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Medical treatment carries possible side effect of limiting homosexuality

A prenatal pill for congenital adrenal hyperplasia to prevent ambiguous genitalia may reduce the chance that a female with the disorder will be gay. Critics call it engineering for sexual orientation.

August 15, 2010|By Shari Roan, Los Angeles Times

Each year in the United States, perhaps a few dozen pregnant women learn they are carrying a fetus at risk for a rare disorder known as congenital adrenal hyperplasia. The condition causes an accumulation of male hormones and can, in females, lead to genitals so masculinized that it can be difficult at birth to determine the baby's gender.

A hormonal treatment to prevent ambiguous genitalia can now be offered to women who may be carrying such infants. It's not without health risks, but to its critics those are of small consequence compared with this notable side effect: The treatment might reduce the likelihood that a female with the condition will be homosexual. Further, it seems to increase the chances that she will have what are considered more feminine behavioral traits.

That such a treatment would ever be considered, even to prevent genital abnormalities, has outraged gay and lesbian groups, troubled some doctors and fueled bioethicists' debate about the nature of human sexuality.

The treatment is a step toward "engineering in the womb for sexual orientation," said Alice Dreger, a professor of clinical medical humanities and bioethics at Northwestern University and an outspoken opponent of the treatment.

The ability to chemically steer a child's sexual orientation has become increasingly possible in recent years, with evidence building that homosexuality has biological roots and with advances in the treatment of babies in utero. Prenatal treatment for congenital adrenal hyperplasia is the first to test — unintentionally or not — that potential.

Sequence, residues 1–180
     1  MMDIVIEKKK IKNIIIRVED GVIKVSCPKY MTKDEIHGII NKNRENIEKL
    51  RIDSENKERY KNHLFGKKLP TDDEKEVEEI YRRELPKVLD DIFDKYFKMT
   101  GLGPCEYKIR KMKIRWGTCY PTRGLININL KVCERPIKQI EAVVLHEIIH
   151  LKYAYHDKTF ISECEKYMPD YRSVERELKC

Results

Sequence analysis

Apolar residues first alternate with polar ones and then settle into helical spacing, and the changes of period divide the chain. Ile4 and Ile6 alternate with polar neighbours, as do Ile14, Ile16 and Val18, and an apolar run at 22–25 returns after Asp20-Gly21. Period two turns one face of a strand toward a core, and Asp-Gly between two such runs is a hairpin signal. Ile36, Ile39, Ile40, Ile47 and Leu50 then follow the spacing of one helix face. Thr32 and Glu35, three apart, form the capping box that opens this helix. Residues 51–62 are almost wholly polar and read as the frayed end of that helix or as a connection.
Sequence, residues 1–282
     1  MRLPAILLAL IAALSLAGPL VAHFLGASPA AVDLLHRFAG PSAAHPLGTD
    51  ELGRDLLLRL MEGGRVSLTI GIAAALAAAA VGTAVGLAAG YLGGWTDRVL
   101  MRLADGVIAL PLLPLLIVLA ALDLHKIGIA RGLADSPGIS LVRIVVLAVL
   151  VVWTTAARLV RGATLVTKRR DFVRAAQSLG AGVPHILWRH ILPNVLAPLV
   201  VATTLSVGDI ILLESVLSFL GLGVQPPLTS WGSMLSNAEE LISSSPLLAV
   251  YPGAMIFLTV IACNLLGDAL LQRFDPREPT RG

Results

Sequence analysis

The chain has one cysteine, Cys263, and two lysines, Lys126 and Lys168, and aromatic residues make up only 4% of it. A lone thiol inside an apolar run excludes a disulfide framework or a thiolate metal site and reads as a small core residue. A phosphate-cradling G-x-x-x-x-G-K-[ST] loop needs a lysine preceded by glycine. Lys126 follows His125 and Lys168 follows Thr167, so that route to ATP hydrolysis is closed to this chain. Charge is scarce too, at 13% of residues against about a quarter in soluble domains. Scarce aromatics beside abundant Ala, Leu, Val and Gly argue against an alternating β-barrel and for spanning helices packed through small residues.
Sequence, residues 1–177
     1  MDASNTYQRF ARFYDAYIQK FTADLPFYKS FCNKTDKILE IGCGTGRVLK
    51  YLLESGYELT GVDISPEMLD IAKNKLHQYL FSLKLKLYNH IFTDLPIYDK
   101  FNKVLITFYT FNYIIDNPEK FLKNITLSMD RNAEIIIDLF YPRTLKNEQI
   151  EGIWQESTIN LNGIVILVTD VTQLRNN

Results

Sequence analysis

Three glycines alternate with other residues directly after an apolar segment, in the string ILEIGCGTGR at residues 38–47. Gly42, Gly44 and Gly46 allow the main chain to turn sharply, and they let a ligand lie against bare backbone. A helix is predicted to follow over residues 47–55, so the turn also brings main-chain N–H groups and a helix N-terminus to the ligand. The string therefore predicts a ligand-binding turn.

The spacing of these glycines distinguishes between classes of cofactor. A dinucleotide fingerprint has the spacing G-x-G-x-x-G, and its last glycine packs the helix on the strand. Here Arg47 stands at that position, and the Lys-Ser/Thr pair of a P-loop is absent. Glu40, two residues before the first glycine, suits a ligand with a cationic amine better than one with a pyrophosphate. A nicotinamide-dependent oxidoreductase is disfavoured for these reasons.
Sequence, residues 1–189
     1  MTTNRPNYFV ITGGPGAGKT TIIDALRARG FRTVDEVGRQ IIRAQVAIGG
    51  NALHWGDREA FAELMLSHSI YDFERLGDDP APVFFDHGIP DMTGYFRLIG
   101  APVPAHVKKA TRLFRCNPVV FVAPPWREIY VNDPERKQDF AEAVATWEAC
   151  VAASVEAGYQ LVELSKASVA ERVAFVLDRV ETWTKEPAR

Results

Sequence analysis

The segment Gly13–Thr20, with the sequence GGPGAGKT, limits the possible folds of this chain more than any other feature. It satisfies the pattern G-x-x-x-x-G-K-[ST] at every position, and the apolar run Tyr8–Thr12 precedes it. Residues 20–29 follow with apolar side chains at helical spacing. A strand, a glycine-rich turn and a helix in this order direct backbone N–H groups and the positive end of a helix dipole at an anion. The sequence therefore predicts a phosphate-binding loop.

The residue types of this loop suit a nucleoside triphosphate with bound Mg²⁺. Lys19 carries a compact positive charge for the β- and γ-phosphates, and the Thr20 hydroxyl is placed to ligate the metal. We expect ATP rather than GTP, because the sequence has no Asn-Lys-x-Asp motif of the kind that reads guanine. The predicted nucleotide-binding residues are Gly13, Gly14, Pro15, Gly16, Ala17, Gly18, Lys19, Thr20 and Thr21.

The hormonal treatment "theoretically can influence postnatal behavior, not just genital differentiation," said Ken Zucker, psychologist in chief of the Center for Addiction and Mental Health in Toronto, who studies gender identity. "Some people refer to girls with CAH as experiments of nature because you've got this condition and you can take advantage of studying it."

Complicating the situation is the fact that the daily hormone pill does nothing to treat or cure the underlying condition, caused in this case by a defective enzyme in the adrenal gland.

Dreger and critics — which include the National Center for Lesbian Rights, Advocates for Informed Choice (an organization that works to protect the rights of people with intersex conditions), and some pediatric endocrinologists and parents of children with the condition — say far too little is known about the safety of the hormone, the steroid dexamethasone, when used prenatally. They say it should be used sparingly, in closely monitored clinical trials, or not at all. They're even more concerned that some doctors might tell parents that a reduced chance of homosexuality is one of the therapy's benefits.

"Most clinicians speak about this treatment as ambiguous-genitalia prevention," said Dreger, who co-wrote an editorial about the treatment in a July publication of the Hastings Center, a bioethics organization. "Others suggest that you should prevent homosexuality if you can. But being gay or lesbian is not a disease and should not be treated as such."

To that end, in September, a consortium of medical groups led by the Endocrine Society will release updated guidelines on treatment of congenital adrenal hyperplasia that acknowledge the controversy. The guidelines are expected to describe prenatal dexamethasone therapy — first used about 20 years ago, but now with increasing frequency — as experimental and reiterate that the standard approach for cases of ambiguous genitalia is to perform corrective surgery.

But they're not expected to discourage research on the treatment.

Congenital adrenal hyperplasia, caused by a defect in an enzyme called 21-hydroxylase, affects about 1 in 15,000 infants, and almost all newborns are screened for it. Undetected, the abnormality can make both male and female infants critically ill within a few weeks of birth because of an associated salt loss through the urine. The defective enzyme also causes a deficiency of the hormone cortisol, which can affect heart function, and an increase in androgens produced by the adrenal glands.

The excess presence of the male hormone testosterone in the womb has little effect on a male fetus' genitalia. Even in females, the anatomical defect may be mild, involving nothing more obvious than a slightly enlarged clitoris. However, in severe cases, girls are born with male-like sexual organs although they usually have ovaries and a uterus.

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